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Unsure about the tone of my proposal


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I’m new to Fiverr, and I’ve applied for about 5 or 6 transcriptionist jobs in the last few days and I’m wondering if I’m not committing a couple of Fiverr/freelancer social faux pas on the proposal page.

There’s something in the online tone of freelance websites I’ve noticed, which is fairly relaxed and casual, and I then feel awkward using a formal tone in my proposal and cover letter.

I usually only use a couple of sentences, to say I’m new, and looking to make a good impression etc and about my history, then a couple of things to indicate I’ve looked at their proposal, or know what they want of me.

The problem is I end up (maybe subconsciously) writing out something that is too short to be the sort of formal cover letter I’ve been trained to write, but too long to be just ‘hey, I type good. bye.’ and I don’t know if it’s landing the way it supposed to.

Is that the tone they generally expect ?

Secondly, I also started writing something a long the lines of 'I don’t mention my jobs prior to freelancing as most potential clients aren’t interested in them, but between car valeter, house keeper, conservation volunteer and industrial cleaner, I’ve developed important key skills such as time keeping, attention to detail …

Is this A. a good way to highlight my skills and B. a totally fine way to shoehorn them in?



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Hey L!

I’ll start with your first problem. I absolutely think that using a conversational tone while messaging prospective buyers is A-OK. Additionally, an informal tone on your profile is also acceptable. Depending on what you are offering, the place to demonstrate a professional, formal tone would be in examples of your work (for resume editors, copywriters, etc.).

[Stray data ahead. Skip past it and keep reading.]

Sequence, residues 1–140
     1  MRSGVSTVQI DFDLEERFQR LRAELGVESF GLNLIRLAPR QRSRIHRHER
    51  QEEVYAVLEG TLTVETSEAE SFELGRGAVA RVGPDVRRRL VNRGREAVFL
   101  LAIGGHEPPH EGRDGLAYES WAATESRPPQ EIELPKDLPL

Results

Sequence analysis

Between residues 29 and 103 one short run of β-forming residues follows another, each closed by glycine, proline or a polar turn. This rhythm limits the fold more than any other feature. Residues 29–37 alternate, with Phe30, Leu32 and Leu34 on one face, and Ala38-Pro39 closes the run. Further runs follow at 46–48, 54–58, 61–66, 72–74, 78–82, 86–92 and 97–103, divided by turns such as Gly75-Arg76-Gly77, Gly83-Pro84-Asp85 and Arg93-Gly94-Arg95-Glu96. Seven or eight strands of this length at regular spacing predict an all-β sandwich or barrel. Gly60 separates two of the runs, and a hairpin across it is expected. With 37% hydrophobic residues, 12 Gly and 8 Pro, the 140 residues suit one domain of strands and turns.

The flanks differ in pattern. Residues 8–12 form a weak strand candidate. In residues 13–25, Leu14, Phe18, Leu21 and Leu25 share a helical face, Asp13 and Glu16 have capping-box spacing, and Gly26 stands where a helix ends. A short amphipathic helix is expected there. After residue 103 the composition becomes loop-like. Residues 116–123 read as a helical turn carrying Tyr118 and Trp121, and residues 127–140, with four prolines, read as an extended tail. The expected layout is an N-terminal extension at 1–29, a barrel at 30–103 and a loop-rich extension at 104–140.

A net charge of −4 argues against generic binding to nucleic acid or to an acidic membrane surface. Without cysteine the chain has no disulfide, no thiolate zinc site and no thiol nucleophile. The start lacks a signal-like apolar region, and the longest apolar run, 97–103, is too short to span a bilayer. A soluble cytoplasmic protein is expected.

As for your second point, drawing on past experience is a great way to showcase your skills. As long as you can “make it make sense” to the reader, the previous experiences that you mention could be great inclusions.

Hope this helps!


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It looks like you’re really good at writing cover letters.

However. Buyer requests get about a million responses, so you’ll need to state exactly what you can do for them within the first sentence, direct them to your relevant gig … and ask them to message you to discuss it further.

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Sorry this is a brief reply as I’m closing the laptop lid in a sec, but just want to say please don’t be disheartened. Most buyer requests attract 30 or so proposals. It’s a numbers game. Applying for half a dozen jobs in a few days is unlikely to result in too many ‘hits’. It will happen eventually.

Applying for buyer request jobs can be soul-destroying after a while though, as you can invest a lot of time in making a personal pitch, but the return rate is sooooo low. So, I’d encourage you to focus your efforts instead on creating a really top notch gig that is fairly priced - not too cheap, and not too expensive. Get a decent gig together and it’s there for everyone to access 24 hours a day.

To take my thought a stage further, these forums are full of posts that either say “I’ve not had any buyers in XXX months. So sad.” or they say “I’ve had XXX orders in just XXX days. So happy.” What’s the difference. The quality of the gig description. Just my thought!

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